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The Economics of Family Structure

  • Derek Neal

A significant literature in demography and demographic history documents clear relationships between the supply of men with stable earnings and marriage rates among women. Wilson (1987) reasons that because single motherhood is an alternative to traditional marriage, circumstances that impede marriage should also encourage single motherhood. However, few studies provide evidence that the supply of marriageable men affects single parenting rates among women in any significant way. To address this puzzle, this paper presents a model based on a specific version of Wilson's hypothesis. The model demonstrates how previous studies based on various regression methods may have misstated the actual relationship between declining marriage market prospects and the prevalence of never-married mothers. Much of the existing literature frames the expansion of welfare and decreasing supplies of marriageble men as two competing explanations for the rise in single motherhood, especially among less educated black women, but the model developed here shows that the interaction between these two factors may be crucial for understanding the demographic trends we observe. Wilson asserts that, after 1970, economically disadvantaged black women responded to poor marriage markets by choosing to raise children on their own, but this choice may not have been desirable or even feasible without the expansion of welfare programs during the 1960s. The logic of assortative mating implies that, during economic downturns, the women who face the worst marriage prospects are themselves economically disadvantaged and may not possess the resources required to raise children on their own. Studies in demographic history indicate that, in previous eras, women in western societies routinely choose to remain single and childless whenever economic crises or wars eroded their marriage market prospects. Never-married mothers are a relatively recent demographic phenomenon.

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Paper provided by National Bureau of Economic Research, Inc in its series NBER Working Papers with number 8519.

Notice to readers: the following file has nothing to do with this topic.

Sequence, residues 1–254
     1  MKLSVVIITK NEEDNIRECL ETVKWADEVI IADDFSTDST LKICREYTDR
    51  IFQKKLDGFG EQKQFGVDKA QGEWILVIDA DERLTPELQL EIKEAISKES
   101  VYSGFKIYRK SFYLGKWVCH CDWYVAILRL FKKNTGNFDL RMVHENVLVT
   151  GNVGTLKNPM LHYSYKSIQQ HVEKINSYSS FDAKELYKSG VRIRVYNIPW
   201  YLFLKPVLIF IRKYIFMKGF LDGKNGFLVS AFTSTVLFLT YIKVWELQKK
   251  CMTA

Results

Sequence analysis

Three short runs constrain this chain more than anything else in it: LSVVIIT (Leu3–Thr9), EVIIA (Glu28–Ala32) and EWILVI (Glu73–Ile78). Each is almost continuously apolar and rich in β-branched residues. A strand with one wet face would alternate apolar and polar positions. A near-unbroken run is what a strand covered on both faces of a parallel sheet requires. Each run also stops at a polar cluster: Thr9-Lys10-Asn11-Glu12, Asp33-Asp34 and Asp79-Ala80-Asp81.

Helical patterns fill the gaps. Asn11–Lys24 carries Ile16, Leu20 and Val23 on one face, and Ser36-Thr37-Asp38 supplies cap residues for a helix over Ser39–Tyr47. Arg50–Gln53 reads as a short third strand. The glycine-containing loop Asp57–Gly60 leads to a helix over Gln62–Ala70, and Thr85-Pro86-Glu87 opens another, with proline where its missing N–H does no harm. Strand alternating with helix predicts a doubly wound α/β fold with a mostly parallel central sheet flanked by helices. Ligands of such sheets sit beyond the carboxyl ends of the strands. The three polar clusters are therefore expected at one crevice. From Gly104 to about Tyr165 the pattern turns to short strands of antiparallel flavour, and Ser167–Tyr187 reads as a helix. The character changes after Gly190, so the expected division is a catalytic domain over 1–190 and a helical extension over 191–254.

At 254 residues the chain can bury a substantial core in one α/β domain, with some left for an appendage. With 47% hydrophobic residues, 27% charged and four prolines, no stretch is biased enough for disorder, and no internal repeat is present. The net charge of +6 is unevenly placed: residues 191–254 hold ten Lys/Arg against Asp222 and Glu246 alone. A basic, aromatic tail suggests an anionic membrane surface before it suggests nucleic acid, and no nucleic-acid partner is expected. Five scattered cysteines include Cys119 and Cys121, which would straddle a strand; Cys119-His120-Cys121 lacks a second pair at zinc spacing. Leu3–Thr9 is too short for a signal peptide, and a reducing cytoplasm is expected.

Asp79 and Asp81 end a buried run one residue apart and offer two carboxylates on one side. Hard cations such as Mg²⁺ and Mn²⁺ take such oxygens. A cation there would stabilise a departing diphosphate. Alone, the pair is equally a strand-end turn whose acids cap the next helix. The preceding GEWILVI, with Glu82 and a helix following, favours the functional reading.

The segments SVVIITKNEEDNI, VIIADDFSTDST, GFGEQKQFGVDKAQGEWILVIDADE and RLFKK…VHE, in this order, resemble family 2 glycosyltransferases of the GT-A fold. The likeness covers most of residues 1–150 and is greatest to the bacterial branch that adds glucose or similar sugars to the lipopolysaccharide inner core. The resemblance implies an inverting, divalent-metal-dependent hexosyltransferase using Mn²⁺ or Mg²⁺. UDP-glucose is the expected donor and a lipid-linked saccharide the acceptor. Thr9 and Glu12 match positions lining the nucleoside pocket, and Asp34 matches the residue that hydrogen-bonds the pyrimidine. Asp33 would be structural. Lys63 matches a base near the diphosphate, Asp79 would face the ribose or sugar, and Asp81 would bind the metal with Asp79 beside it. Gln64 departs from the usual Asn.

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Date of creation: Oct 2001
Date of revision:
Handle: RePEc:nbr:nberwo:8519
Note: CH LS
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  1. Robert J. Willis, 1999. "A Theory of Out-of-Wedlock Childbearing," Journal of Political Economy, University of Chicago Press, vol. 107(S6), pages S33-S64, December.
  2. Akerlof, George A & Yellen, Janet L & Katz, Michael L, 1996. "An Analysis of Out-of-Wedlock Childbearing in the United States," The Quarterly Journal of Economics, MIT Press, vol. 111(2), pages 277-317, May.
  3. Scott South & Kim Lloyd, 1992. "Marriage markets and nonmarital fertility in the United States," Demography, Springer, vol. 29(2), pages 247-264, May.
  4. Bergstrom, Theodore C & Cornes, Richard C, 1983. "Independence of Allocative Efficiency from Distribution in the Theory of Public Goods," Econometrica, Econometric Society, vol. 51(6), pages 1753-65, November.
  5. Thomas M. Lyons & James J. Heckman & Petra E. Todd, 2000. "Understanding Black-White Wage Differentials, 1960-1990," American Economic Review, American Economic Association, vol. 90(2), pages 344-349, May.
  6. Saul D. Hoffman & E. Michael Foster, 1997. "AFDC Benefits and Nonmarital Births to Young Women," JCPR Working Papers 3, Northwestern University/University of Chicago Joint Center for Poverty Research.
  7. Greg Duncan & Saul Hoffman, 1990. "Welfare benefits, economic opportunities, and out-of-wedlock births among black teenage girls," Demography, Springer, vol. 27(4), pages 519-535, November.
  8. Michael J. Brien, 1997. "Racial Differences in Marriage and the Role of Marriage Markets," Journal of Human Resources, University of Wisconsin Press, vol. 32(4), pages 741-778.
  9. Olsen, Randall J & Farkas, George, 1990. "The Effect of Economic Opportunity and Family Background on Adolescent Cohabitation and Childbearing among Low-Income Blacks," Journal of Labor Economics, University of Chicago Press, vol. 8(3), pages 341-62, July.
  10. Mark R. Rosenzweig, 1999. "Welfare, Marital Prospects, and Nonmarital Childbearing," Journal of Political Economy, University of Chicago Press, vol. 107(S6), pages S3-S32, December.
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